Where Ford held back tears, Kavanaugh let them flow. In her, they’d be seen as weakness, even instability; in him, they telegraphed pain and sincerity. He watered up telling the story of how his ten-year-old daughter, Eliza, told his wife, Ashley, ‘We should pray for the woman,” referring to Ford. He believed Ford had been assaulted, he said, only not by him. She went to a high school that was not part of his social set, he said, a remark that bristles with concern for pecking order. “I do not know her,” he insisted.

Ford was the patriot, speaking of sacrifice in the name of civic responsibility: “I am here today not because I want to be,” she said in her opening statement. “I am terrified. I am here because I believe it is my civic duty to tell you what happened to me while Brett Kavanaugh and I were in high school.”

Kavanaugh dismissed the three women reporting serious assaults as a “calculated and orchestrated political hit,” even “revenge on the part of the Clintons” without providing proof. Paranoia about the Clintons served as a reminder Kavanaugh is Trump’s man, a jurist who has said that a sitting president can’t be indicted and who is expected to vote to overturn Roe v. Wade.

On Thursday Kavanaugh was Trump-like in his bombastic boasting—his top of class academic record, of going to Yale, his sports skills, his good works at a soup kitchen, even his repeated references to liking beer. “If every American who drinks beer or every American who drank beer in high school is suddenly presumed guilty of sexual assault  it would be an ugly new place in this country,” he said.  His superannuated frat-boy defence of beer-drinking was seconded by his championing of women, be it coaching girls basketball or stating that all of his clerks on the Supreme Court will be women. One of his closest female friends is a sexual assault victim, he offered before reading a text he received from a woman friend described as “a feminist”: “Deep breaths. You’re a good man, a good man, a good man.” His mother was one of the first female prosecutors in Maryland, he told the hearing. She used to practice her closing arguments at the dining room table on him and his father.” She’d say “What rings true? What rings false?”

It’s a test Kavanaugh didn’t seem to use. A lot didn’t add up or rang false, including how Ford fits in any vast left-wing conspiracy. She reported the attack in a 2012 therapy session, brought her allegation forward on condition of anonymity only after she learned Kavanaugh was on the short-list for the Supreme Court job, and later passed a polygraph. “I am an independent person and I am no one’s pawn,” she said in her opening statement. Mitchell’s attempts to poke holes in her testimony failed.

The judge indicated a disregard for legal evidence-gathering. He doesn’t want an FBI investigation into Ford’s charge. He relied on a 1982 calendar that showed entries like one for July 1 that he went  “to Timmy for skis w/ Judge, Tom, PJ, Bernie Squi” as proof he couldn’t be at the party Ford described, even though Ford referred to Judge and PJ being there. He sanitized the sexism and evidence of drinking in his high school yearbook.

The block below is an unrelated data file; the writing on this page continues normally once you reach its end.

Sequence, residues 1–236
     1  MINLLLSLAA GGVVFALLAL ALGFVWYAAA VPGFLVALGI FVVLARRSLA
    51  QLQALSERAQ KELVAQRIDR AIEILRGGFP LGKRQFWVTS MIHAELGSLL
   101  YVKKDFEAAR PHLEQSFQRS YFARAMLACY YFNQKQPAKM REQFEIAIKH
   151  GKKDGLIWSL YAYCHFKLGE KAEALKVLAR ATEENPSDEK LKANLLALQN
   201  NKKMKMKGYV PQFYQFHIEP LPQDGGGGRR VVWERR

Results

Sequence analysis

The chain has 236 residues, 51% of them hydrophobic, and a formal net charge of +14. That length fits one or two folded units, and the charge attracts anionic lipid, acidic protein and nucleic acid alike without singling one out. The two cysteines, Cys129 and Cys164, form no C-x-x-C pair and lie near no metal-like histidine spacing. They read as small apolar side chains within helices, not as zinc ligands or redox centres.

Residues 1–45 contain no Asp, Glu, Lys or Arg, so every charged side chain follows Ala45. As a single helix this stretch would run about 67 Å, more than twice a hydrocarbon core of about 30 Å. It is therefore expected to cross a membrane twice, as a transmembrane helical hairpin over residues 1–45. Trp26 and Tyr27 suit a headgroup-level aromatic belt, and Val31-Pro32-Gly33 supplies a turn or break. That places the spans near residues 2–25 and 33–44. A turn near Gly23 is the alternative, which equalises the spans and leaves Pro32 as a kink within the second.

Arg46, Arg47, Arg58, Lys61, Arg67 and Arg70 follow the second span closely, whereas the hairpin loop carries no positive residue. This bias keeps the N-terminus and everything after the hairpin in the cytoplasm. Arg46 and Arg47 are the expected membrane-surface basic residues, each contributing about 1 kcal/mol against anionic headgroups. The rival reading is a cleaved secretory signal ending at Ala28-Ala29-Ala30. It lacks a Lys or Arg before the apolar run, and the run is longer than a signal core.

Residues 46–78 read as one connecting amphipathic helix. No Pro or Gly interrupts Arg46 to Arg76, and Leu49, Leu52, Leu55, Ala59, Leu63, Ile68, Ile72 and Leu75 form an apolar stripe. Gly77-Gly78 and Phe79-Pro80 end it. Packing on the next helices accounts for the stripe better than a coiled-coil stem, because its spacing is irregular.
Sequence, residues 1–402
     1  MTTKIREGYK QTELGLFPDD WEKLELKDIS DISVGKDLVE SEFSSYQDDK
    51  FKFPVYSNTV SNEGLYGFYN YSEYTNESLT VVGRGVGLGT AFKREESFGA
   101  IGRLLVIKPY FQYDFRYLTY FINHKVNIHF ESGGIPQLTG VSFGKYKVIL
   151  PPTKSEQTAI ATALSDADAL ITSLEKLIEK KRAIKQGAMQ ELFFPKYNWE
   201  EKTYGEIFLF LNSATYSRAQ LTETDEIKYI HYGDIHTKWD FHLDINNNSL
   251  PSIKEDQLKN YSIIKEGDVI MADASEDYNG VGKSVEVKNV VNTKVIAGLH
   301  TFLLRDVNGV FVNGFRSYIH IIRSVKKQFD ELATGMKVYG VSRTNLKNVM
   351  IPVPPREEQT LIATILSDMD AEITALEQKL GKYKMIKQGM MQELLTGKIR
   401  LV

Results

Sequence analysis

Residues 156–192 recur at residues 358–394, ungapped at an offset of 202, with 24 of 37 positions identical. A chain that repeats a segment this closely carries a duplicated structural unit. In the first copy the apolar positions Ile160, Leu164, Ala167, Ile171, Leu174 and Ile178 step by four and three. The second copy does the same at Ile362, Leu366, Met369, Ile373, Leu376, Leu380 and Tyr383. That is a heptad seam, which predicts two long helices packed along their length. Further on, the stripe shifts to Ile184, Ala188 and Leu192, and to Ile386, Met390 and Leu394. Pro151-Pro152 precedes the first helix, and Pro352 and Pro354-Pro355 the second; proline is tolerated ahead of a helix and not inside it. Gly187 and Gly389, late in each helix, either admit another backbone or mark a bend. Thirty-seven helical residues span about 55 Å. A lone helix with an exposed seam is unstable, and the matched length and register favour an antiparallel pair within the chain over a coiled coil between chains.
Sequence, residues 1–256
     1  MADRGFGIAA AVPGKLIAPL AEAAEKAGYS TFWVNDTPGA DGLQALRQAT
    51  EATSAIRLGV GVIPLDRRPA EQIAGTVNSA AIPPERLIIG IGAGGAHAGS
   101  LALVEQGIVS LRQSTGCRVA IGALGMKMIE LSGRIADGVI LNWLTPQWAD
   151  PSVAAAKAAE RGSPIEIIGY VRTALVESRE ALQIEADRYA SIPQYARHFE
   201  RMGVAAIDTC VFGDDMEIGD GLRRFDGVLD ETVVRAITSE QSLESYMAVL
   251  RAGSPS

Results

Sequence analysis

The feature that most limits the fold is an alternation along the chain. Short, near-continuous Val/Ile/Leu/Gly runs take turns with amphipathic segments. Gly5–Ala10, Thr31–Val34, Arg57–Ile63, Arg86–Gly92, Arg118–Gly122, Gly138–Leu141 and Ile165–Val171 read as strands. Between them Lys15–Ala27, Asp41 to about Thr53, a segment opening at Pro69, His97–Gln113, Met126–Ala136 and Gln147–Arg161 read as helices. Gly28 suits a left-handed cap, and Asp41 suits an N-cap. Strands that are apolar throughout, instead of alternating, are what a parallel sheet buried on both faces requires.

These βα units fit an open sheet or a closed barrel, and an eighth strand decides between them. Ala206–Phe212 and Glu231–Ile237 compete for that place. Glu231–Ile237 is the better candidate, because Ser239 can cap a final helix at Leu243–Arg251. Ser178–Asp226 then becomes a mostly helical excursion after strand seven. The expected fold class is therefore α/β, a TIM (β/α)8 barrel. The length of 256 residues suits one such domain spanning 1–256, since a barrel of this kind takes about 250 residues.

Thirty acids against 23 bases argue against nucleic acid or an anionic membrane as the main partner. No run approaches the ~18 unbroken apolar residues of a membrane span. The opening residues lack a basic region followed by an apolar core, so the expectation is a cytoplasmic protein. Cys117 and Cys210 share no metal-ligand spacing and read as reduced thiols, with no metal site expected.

The judge also misrepresented what three people that Ford said were at the party recalled. He said they “refuted” her account; what they said is that they didn’t remember any such party; one, Ford’s friend Leland Keyser, has said she believes her. Kavanaugh used the fact he’d never been accused of assault as a defence: “I have been in the public arena for 26 years, without a hint of a whiff of an allegation of this.” It’s a boast that fails to recognize the difficulty of reporting sexual violence, particularly against a privileged or powerful person. It also doesn’t hold water post-Bill Cosby, who was in the public arena 40 years before anyone reported his behaviour. In the space of weeks, three women have come forward about Kavanaugh. On Thursday, he actively brushed one off: “The Swetnick thing is a joke, it’s a farce,” the judge said, referring to a woman who worked in government with “public trust” clearances who said in a sworn declaration that she was gang raped.

The spectre of eleven white Republican senators at the hearing Thursday summoned a flashback to the similar all-white panel that grilled Anita Hill in 1991 over her allegations of sexual harassment against Clarence Thomas at his Supreme Court confirmation hearings. Prosecutor Miller went mute shortly after Kavanaugh appeared and discussion turned to politics, process and the vilification of Senator Dianne Feinstein for not coming forward earlier with the letter Ford wanted kept confidential.

Watching Ford sip from a bottle of Coke also brought to mind Professor Hill’s testimony that Thomas, her former employer, creepily asked her who “put a pubic hair on my Coke can?” Like Thomas, who referred to a “high tech lynching” at his confirmation hearing, Kavanaugh also waxed histrionic: “My family and my name have been totally and permanently destroyed by vicious and false accusations.”

Democratic senator Patrick Leahy referenced the past: “We were here 27 years ago,” told the hearing. “The senate failed Anita Hill. We’re doing a lot less for these three women today.” The FBI investigated Hill’s claims, though other women with accusations against Thomas were not allowed to testify.

In 2018, women’s reports of assault and harassment are more readily believed if not easier to deliver: “I have had to relive my trauma in front of the entire world, and have seen my life picked apart by people in television, in the media, and in this body who have never met me or spoken with me,” Ford said.

Kavanaugh too has suffered, he said of the past few weeks. “I have been through hell, and then some.” But he’s not the one with two front doors because of lifelong anxiety and claustrophobia. That’s Ford, who like Anita Hill, bravely told her story and will be celebrated and memorialized for it. Democrat Senator Cory Booker called her “heroic” on Thursday. And like Hill, she’ll probably watch the man she accused elevated to the highest court in the land, leaving her to live in a country forced to absorb the message that sends.